Emerging economies are influencing economic growth and energy consumption, which play an increasingly important role in the world landscape. The Asia-Pacific (APAC) has been the most dynamic region of the global economic development and energy demand recently, but its clean energy transition is lagging, where the emerging economies (account for around 80%) are largely responsible. The proportion of renewable energy in overall energy use has fallen from 22.7% in 2000 to 16% in 2019 while greenhouse gas (GHG) emissions have doubled, accounting for half of the world’s emissions. Many countries in the APAC region are heavily dependent on conventional energy sources with unpredictable levels of energy poverty and volatility in energy prices.
In the last two decades, APAC emerging economies have witnessed a series of policies to achieve the energy transition, particularly in relation to the promotion of electrification and renewable energy capacity. However, there are significant differences in the institutional, economic and resource endowments of countries in the APAC region, and there is considerable uncertainty in the development of their policy frameworks and regulatory environments, as well as significant disparities in the stages of energy transition across countries. It is therefore challenging to measure the relationship between energy policy and energy transition from a regional perspective because of the lack of a quantitative research framework.
In a new paper in Nature Energy, we innovatively construct counterfactual policy effects through policy text analysis and statistical methods, contributing to providing a quantitative assessment framework of the aggregate effect of energy policies on APAC emerging economies’ energy transition. First, we use indicators of the Sustainable Development Goal 7 (SDG7) targets to track the progress of energy transition. Then, we employ the Asia Pacific Energy Portal Policy database, which has good coverage of 42 emerging economies in the APAC region and a track on 2112 energy policies over the period 2000-2017, to further analyse the effect of energy policies. We find that energy policies have contributed to improving access to electricity (3.0%), access to clean cooking (3.8%), energy efficiency (1.4%) and renewable electricity capacity (6.9%), respectively (Figure 1).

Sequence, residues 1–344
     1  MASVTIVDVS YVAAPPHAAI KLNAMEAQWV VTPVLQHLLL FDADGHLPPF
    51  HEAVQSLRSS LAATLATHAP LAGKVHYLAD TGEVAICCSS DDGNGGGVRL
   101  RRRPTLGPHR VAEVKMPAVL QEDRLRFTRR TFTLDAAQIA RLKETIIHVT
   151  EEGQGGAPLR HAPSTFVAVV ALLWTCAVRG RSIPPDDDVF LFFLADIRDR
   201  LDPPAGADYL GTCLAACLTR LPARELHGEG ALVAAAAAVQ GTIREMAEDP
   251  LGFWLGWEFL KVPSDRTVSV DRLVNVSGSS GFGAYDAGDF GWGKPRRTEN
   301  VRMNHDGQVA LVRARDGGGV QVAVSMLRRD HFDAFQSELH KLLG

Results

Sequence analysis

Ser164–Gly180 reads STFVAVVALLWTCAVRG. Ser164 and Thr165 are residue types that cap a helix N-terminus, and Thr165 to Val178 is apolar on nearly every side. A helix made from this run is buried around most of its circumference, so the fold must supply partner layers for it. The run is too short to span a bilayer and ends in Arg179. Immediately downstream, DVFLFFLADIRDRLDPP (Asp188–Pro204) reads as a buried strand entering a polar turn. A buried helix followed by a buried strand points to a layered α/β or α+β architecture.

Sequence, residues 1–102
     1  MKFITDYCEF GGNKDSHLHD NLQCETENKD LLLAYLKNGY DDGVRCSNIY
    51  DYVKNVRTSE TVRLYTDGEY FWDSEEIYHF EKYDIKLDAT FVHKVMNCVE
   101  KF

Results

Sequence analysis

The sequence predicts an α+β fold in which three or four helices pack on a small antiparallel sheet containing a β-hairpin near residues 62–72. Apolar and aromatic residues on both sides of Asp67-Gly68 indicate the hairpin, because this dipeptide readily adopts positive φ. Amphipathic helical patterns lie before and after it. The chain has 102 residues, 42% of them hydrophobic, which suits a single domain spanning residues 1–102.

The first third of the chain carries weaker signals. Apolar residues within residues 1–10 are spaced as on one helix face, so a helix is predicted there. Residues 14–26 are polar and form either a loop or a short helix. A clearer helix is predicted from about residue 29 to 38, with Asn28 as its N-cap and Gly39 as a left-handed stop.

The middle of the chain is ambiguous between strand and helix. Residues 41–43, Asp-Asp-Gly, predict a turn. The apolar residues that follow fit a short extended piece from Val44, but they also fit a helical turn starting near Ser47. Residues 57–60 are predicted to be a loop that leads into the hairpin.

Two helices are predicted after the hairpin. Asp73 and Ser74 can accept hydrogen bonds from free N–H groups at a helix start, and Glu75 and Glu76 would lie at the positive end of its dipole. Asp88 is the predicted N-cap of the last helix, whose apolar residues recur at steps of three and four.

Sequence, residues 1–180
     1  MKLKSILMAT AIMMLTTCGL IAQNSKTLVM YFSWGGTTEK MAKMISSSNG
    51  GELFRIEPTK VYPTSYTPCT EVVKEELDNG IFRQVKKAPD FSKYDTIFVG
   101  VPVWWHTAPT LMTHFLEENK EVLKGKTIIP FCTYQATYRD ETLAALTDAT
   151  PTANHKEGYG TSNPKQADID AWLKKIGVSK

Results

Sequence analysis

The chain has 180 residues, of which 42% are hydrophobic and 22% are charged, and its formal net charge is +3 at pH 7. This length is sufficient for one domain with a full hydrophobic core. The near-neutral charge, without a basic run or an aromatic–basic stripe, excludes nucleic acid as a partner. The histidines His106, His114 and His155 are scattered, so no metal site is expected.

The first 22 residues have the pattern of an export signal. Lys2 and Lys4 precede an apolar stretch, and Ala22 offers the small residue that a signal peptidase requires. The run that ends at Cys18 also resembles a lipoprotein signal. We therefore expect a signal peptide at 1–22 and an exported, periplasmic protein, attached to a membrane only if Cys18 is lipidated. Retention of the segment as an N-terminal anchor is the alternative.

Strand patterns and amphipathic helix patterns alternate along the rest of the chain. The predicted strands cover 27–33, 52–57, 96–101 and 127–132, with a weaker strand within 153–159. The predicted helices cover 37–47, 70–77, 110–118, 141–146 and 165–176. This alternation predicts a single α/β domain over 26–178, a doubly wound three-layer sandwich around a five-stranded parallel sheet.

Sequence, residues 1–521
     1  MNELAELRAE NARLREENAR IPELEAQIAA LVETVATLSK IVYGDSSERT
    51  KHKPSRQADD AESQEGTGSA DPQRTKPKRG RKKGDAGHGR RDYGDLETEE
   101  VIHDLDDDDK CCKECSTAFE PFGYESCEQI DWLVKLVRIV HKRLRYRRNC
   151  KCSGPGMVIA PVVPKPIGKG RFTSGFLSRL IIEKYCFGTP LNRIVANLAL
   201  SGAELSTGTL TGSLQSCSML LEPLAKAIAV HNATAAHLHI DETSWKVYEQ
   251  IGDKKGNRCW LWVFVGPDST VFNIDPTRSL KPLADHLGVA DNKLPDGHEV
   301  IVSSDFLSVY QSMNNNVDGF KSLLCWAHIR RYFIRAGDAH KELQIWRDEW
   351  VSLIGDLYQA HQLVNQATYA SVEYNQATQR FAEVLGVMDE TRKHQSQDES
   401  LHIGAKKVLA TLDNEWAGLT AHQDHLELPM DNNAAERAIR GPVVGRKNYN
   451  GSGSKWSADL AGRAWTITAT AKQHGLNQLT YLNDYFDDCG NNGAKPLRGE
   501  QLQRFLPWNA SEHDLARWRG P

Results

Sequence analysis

Fig 1: Performance of APAC emerging economies’ energy transition with and without energy policy.
Among different types of energy policies (strategies, laws and regulations), strategies have greater impacts on advancing electrification, clean cooking and renewable electricity capacity than laws and regulations, whereas the laws are more effective for achieving energy efficiency (Figure 2). In general, we can conclude that in order to support energy access and renewable electricity capacity, strategies should be prioritized. In the case of energy efficiency, countries in APAC can benefit more from legislative frameworks. To sum up, different energy policies have had various effects on the energy transition of different countries. Countries need specific combinations of policies tailored to their specific needs to progress with the energy transition.
Fig 2: Impact of different types of energy policies on energy transition in typical economies.
Energy policies have significant effects on the energy transition in the APAC region, however, the region requires increased action in national policy commitments for energy transition targets. For example, the transition of energy access needs a combination of improved on-grid electricity and the promotion of clean cooking solutions. Furthermore, energy policy implementation can increase benefits, and effective implementation needs to be complemented by suitable policies and requires a stable political environment. Meanwhile, the political stability and administrative efficiency of the country can affect the realisation of the energy transition by improving the credibility of policies. Overall, to achieve the energy transition goals, economies in the APAC region need more effective energy policies.
We would also like to note that information regarding the United Nations has stated in 2020 that the APAC region is likely to fail to meet the 2030 SDGs. Our analytical results can help policymakers track and target effective policy mixes for energy transition. The findings can also be used by integrated assessment models of sustainable development and policymaking in the emerging economies, providing insights into the pathways for future energy transition and the implementation of policy types in other developing countries.